Coal CEO Claims John Oliver Helped Fund ACLU’s Brief Trashing Lawsuit Against HBO

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Chris White Tech Reporter

Coal tycoon Robert Murray believes HBO’s John Oliver helped bankroll the American Civil Liberty Union’s (ACUL) legal brief attacking the coal tycoon’s libel lawsuit against the comedian.

Oliver used his show “Last Week Tonight with John Oliver” to help raise funds for the civil rights organization, which the group then used to target Murray’s lawsuit, according to a court document the energy CEO filed Monday. Murray objects to a segment Oliver aired earlier this year comparing him to a “geriatric Dr. Evil.”

“In November of 2016,”Oliver used ‘Last Week Tonight with John Oliver’ to encourage viewers to donate to numerous left-leaning organizations, which – not surprisingly – resulted in an immediate surge of millions of dollars in donations to the ACLU,” Murray’s brief noted.

Murray claimed that the donations is evidence that the ACLU wasn’t being honest when it told the court that the Oliver camp never funded the brief. Oliver did appear to ask the audience in a Nov. 13, 2016, episode to donate money to groups such as the NAACP and Planned Parenthood, but he did not appear to mention the ACLU.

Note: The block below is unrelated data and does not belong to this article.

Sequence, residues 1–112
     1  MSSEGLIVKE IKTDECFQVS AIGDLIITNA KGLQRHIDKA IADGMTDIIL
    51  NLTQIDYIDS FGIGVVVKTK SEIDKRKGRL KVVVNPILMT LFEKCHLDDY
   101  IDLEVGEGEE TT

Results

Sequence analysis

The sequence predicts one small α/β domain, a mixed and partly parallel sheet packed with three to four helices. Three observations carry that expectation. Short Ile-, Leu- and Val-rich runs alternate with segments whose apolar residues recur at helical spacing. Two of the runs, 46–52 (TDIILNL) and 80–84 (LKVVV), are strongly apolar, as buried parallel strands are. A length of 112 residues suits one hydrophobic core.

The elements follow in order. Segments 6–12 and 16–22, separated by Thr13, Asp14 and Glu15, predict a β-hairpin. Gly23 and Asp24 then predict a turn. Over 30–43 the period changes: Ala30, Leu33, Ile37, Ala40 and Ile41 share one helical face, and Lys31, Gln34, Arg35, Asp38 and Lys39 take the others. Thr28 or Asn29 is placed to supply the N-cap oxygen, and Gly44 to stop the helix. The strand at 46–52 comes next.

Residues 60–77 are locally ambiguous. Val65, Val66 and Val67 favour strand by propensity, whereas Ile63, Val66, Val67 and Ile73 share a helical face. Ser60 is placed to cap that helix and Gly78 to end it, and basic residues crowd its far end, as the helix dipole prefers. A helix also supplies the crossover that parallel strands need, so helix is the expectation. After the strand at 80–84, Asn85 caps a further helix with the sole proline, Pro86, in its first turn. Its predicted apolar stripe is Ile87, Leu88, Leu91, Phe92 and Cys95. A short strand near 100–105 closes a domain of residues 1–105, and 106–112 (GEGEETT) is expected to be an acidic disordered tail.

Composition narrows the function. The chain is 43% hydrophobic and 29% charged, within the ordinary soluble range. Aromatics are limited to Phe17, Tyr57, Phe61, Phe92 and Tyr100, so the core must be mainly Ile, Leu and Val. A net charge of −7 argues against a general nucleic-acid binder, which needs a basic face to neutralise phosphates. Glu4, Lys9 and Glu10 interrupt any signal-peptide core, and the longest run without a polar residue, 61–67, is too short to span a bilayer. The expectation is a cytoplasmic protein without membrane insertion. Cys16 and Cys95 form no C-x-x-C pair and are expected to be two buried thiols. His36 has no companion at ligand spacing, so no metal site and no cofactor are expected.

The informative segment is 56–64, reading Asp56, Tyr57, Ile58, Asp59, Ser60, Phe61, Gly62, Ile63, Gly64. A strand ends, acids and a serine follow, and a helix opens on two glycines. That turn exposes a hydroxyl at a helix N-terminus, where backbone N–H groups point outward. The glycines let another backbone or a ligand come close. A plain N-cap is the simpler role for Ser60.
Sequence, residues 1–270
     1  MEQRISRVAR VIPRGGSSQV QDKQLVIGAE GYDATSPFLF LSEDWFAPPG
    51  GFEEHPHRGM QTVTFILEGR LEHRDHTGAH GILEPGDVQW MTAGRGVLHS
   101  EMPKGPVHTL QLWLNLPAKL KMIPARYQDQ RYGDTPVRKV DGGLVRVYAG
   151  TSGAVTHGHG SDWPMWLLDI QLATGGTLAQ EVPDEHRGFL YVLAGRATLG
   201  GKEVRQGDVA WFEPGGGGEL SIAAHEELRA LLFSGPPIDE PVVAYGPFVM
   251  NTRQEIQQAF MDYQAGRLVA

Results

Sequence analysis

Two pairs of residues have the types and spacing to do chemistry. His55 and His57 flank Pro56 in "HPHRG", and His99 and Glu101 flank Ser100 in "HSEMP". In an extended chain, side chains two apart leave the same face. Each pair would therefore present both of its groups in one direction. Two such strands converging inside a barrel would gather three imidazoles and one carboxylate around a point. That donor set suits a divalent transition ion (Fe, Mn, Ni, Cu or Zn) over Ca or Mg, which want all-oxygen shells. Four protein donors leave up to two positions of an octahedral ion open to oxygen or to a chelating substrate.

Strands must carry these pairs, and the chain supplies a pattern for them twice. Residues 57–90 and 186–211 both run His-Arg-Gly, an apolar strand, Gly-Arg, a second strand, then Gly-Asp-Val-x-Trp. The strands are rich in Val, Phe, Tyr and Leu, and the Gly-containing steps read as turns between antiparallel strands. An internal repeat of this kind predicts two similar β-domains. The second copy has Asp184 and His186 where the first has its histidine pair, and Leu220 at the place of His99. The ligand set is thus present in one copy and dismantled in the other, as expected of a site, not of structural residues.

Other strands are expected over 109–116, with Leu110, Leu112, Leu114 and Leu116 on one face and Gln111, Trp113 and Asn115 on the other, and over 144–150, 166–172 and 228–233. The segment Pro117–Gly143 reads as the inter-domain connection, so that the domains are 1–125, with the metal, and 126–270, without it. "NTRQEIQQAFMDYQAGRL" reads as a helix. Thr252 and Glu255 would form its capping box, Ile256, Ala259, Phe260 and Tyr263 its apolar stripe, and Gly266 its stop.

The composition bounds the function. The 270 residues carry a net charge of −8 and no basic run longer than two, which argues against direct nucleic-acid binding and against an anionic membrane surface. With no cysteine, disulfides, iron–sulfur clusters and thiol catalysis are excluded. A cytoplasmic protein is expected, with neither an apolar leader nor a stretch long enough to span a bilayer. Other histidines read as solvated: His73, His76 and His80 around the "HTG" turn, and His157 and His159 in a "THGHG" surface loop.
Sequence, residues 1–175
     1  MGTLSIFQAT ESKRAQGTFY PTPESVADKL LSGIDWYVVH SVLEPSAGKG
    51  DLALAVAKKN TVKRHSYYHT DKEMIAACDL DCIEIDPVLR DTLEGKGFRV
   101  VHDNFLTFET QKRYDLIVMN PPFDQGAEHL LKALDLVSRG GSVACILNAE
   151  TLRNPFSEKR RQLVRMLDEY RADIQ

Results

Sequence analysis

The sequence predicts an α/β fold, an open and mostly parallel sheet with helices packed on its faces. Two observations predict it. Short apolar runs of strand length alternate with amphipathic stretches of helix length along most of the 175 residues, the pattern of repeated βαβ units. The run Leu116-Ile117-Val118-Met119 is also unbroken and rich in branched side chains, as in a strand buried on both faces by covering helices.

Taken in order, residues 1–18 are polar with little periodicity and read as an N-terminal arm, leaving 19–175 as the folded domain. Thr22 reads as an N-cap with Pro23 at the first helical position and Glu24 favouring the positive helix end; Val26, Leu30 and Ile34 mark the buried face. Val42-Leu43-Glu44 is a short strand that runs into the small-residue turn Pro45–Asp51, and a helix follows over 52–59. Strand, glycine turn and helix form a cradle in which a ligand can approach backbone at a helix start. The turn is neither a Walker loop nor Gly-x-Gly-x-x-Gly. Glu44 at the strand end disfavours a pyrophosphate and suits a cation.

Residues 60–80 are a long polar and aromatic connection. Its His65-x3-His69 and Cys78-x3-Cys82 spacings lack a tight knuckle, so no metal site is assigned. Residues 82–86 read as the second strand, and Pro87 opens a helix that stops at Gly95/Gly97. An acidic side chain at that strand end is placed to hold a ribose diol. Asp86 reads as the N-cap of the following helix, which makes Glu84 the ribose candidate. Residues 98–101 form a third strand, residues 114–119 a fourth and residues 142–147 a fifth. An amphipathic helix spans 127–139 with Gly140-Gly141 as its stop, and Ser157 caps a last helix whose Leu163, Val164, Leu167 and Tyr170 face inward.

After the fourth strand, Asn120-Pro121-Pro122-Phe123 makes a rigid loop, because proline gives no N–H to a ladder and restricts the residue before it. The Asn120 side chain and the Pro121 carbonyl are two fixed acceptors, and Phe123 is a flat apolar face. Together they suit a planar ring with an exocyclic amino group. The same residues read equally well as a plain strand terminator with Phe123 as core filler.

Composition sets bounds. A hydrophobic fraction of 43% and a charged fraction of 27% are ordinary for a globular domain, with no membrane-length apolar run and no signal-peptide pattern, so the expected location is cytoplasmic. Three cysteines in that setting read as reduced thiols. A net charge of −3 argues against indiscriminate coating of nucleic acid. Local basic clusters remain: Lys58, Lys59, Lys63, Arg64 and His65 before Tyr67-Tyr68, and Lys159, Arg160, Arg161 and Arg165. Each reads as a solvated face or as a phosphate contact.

The ACLU’s West Virginia chapter argued in the amicus brief that Oliver was within his constitutional rights to air the segment referencing Murray as a villain in the Austin Powers’ movies. The group’s brief contains sections ripping the coal magnate, including titles such as “Anyone Can Legally Eat Shit, Bob,” among other pointed barbs.

His company filed a lawsuit against The New York Times editorial board in April, arguing that the paper falsely claimed Murray lied when he insisted the collapse of his Crandall Canyon mine in 2007 was because of an earthquake, not poor safety measures.

Data shows that an earthquake triggered the collapse, which killed several mine workers and those attempting to rescue them, the company wrote in a May 3 statement announcing the lawsuit. It also noted that federal prosecutors were unable to directly connect safety violations to the mine’s collapse.

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